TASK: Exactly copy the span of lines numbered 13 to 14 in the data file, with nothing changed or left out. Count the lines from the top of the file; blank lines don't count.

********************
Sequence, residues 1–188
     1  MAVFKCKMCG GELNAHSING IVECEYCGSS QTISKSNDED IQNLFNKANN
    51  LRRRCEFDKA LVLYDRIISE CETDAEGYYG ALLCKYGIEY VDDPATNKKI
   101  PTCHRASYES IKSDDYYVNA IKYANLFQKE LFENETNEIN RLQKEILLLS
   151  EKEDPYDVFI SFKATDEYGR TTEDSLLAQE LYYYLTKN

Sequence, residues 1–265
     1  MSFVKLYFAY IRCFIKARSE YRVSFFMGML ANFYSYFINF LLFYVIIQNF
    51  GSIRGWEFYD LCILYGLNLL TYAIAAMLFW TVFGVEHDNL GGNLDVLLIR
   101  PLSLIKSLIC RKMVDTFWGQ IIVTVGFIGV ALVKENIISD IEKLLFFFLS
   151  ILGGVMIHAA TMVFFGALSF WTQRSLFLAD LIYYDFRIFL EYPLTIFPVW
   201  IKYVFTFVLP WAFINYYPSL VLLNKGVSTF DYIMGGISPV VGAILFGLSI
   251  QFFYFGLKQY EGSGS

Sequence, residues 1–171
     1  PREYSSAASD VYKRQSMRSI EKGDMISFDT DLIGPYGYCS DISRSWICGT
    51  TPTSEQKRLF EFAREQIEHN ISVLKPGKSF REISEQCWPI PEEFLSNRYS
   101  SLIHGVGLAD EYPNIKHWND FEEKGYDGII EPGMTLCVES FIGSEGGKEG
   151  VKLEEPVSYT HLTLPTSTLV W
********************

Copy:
Sequence, residues 1–171
     1  PREYSSAASD VYKRQSMRSI EKGDMISFDT DLIGPYGYCS DISRSWICGT